This story from the Washington Post.
Republican critics of the No Child Left Behind law flexed their growing muscle yesterday as 57 GOP lawmakers, including the national party chairman, endorsed legislation that would undermine President Bush's signature education initiative.
House Minority Whip Roy Blunt (R-Mo.), who voted for the law in 2001, said he now opposes it because it has shifted control of public schools to the federal government in a more dramatic way than he ever imagined.
"The overwhelming intrusion of No Child Left Behind is too large to deal with unless you fundamentally change the legislation," Blunt said about the introduction of bills yesterday in the House and Senate. The bills would allow states to receive federal education aid even if they opt out of requirements to test all students in grades 3 through 8 and once in high school.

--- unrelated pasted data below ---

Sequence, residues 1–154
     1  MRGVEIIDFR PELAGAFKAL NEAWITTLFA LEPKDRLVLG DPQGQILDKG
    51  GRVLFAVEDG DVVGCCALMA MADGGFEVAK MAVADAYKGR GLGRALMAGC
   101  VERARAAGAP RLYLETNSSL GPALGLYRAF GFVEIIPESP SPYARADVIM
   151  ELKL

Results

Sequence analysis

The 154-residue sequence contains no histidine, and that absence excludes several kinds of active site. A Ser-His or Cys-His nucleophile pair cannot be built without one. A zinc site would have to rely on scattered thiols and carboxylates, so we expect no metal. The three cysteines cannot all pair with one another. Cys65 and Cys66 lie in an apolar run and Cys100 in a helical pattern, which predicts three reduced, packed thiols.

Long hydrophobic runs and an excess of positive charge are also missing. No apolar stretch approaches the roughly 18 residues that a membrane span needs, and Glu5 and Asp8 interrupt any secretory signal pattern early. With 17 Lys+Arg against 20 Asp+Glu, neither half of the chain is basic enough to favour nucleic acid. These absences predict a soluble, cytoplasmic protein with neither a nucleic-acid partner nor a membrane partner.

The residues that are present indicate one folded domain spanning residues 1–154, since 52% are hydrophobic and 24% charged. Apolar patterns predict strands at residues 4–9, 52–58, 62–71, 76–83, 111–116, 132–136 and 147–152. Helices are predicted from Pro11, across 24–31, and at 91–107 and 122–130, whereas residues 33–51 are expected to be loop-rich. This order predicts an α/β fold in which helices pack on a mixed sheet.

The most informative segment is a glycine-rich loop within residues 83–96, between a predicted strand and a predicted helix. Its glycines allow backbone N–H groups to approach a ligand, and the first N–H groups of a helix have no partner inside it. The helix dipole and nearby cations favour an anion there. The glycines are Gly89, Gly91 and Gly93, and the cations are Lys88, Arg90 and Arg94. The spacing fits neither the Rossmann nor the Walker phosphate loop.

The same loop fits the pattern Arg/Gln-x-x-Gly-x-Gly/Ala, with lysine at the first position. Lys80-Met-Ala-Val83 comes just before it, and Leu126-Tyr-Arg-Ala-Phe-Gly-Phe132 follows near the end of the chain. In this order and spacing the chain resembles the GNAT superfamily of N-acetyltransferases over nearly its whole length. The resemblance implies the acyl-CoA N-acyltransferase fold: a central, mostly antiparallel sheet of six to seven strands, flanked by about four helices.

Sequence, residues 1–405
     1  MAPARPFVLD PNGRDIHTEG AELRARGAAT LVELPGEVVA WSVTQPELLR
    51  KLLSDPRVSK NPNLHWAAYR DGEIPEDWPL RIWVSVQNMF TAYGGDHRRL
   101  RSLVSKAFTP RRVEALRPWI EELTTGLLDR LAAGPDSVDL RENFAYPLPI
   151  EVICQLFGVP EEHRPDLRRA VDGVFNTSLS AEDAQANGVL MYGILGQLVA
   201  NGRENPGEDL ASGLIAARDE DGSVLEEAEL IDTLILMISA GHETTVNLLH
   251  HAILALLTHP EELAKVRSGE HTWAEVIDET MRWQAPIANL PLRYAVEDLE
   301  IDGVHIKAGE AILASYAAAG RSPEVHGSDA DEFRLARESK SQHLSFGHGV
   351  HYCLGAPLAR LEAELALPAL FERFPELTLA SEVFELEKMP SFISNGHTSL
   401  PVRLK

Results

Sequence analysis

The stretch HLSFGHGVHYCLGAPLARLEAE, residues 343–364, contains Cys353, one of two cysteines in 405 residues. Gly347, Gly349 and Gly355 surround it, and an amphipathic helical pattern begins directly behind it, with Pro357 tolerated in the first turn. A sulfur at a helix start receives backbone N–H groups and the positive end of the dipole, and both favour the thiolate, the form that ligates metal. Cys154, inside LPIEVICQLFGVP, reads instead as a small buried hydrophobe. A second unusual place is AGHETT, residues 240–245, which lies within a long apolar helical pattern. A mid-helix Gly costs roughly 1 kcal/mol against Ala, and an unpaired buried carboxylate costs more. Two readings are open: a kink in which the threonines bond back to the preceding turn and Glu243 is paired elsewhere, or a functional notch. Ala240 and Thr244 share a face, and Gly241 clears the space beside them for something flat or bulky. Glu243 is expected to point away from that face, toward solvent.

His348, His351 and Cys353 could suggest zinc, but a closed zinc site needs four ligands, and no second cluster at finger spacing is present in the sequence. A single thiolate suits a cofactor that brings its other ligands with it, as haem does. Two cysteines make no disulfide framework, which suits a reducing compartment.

Sen. Mel Martinez (R-Fla.), chairman of the Republican National Committee and a former Bush Cabinet member, was one of the sponsors of the Senate legislation. Others included Jon Kyl (Ariz.), chairman of the Senate Republican Conference, who voted for the law in 2001, and Sam Brownback (R-Kan.), a 2008 presidential hopeful, who also voted for it.
In an unusual show of bipartisan cooperation, Democrats and the White House attacked the GOP critics' legislation.
"Rather than work with us in a constructive way to improve the law, this group of Republican lawmakers is trying to dismantle it," Rep. George Miller (D-Calif.), chairman of the House Education and Labor Committee, said in a statement. "Their irresponsible and unacceptable proposal would send billions of federal taxpayer dollars to the states with no accountability for how it is spent."